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Macchi C.202 Folgore

Orange • 2005
Autor(zy)Przemysław Skulski
IlustratorKrzysztof W. Wołowski
Data wydania2005-03-01
Nr katalogowy8102
KategoriaSold Out KategoriaWyprzedana
Format240x165 mm (B5), 96 stron (64 w kolorze)
Cena0.00 PLN Cena0.00 GBP
Shown development of the most famoust Italian WWII fighter. It contains: Scale plans * photos and drawings from Technical Manuals * Superb colour illustrations of camouflage and markings, rare b+w archive photographs. Colour photos of the preserved aircraft* Essential reading for aviation enthusiasts & scale aeromodellers.
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  • Aircraft Resource Center • 2013-01-28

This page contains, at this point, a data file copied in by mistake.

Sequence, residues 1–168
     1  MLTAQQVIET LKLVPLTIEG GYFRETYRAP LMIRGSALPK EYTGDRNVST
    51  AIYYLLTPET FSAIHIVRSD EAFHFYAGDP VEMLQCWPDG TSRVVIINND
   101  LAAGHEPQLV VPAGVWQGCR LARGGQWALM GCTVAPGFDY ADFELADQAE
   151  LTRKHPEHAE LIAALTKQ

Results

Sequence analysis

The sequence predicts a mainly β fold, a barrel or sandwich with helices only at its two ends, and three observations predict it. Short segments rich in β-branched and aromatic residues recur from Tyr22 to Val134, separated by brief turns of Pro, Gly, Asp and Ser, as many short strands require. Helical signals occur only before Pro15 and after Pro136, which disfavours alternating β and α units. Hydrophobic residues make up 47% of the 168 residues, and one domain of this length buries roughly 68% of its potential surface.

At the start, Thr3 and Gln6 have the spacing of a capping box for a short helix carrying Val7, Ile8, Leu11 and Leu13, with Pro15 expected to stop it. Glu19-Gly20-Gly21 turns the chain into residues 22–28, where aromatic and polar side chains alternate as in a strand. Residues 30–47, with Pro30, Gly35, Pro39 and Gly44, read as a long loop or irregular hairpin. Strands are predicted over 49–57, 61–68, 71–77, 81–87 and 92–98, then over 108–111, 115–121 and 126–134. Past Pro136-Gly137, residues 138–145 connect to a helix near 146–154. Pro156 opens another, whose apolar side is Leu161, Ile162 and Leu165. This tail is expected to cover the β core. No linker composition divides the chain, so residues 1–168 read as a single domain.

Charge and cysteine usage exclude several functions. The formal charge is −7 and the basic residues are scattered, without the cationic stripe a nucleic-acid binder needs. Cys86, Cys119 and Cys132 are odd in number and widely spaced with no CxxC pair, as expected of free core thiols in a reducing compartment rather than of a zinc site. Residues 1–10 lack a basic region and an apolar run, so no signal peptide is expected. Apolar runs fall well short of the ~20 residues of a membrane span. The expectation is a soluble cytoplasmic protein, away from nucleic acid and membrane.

Review by Steve Bamford on Apr 20 2006 This 96 page softcover book from Mushroom Model Magazine is specifically devoted to the Macchi C.202 Folgore with a keen focus on history, walkaround details and side view paint scheme profiles. The cover is the usual softcover and the pages are high quality glossy pages. I've always had a soft spot for the Macchi C.202 Folgore "Lightning", no doubt due to it's use of the DB601 motor from the Bf-109. This motor and the agile Italian airframe made this a particularly effective fighter and one of the best Italian fighters of WW2. Although this aircraft served with distinction in many areas from Malta, North Africa and even in Russia, the limited production numbers due to the lack of engines limited it during the war. It was also lightly armed compared to other fighters of the period, which was also not one of it's positive attributes. It did fair well against earlier allied fighters but had a harder time with the later war Allied fighters. This book is well organized and covers the evolution of the development and combat use of the Macchi C.202 Folgore. The book then goes on to technical data which always is of strong interest to my due to my fascination with everything mechanical. Next the book moves onto the 39 page walkaround section and finally finishes up with 24 pages of colour profiles.....who knew there was so many paint schemes. There are also 1/72 scale plans included. As for images you get: 49 black and white photos, 100 colour photos, 11 line drawings, 18 black and white 3D drawings (including wing and rudder ribbing, guns and more) 44 sideview colour profiles and 4 views of the top or bottom of these profiles. The photos and images are clearly printed on glossy paper with good light and easy to make out details in the photos. Modellers are always looking for books that include side view profiles, technical data that explains the different production series of this aircraft as well as detail walkaround photos covering the general aircraft, prop, fuselage, wing, canopy, tail and undercarriage. This book covers this aircraft well and has most of the details modellers need to get the details correct, although sadly there are only black & white cockpit photos and gun bay and engine photos are restricted to black and white drawings, which is no doubt due to the lack of access to the few remaining museum aircraft. I was impressed with the extensive walkaround photos of the rest of the aircraft. 1/72 scale line drawings historic photos photos of museum aircraft colour walkaround photos more detail photos landing gear photos .................and so much more....including...... 44 Colour Profiles I've always had a weak spot for aircraft in desert camo, so the Macchi C.202 Folgore "Lightning" has always been a fascination for me. I am quite pleased to add this book to my library.....it will prove to be a very helpful book when I tackle a Macchi C.202 Folgore "Lightning" model.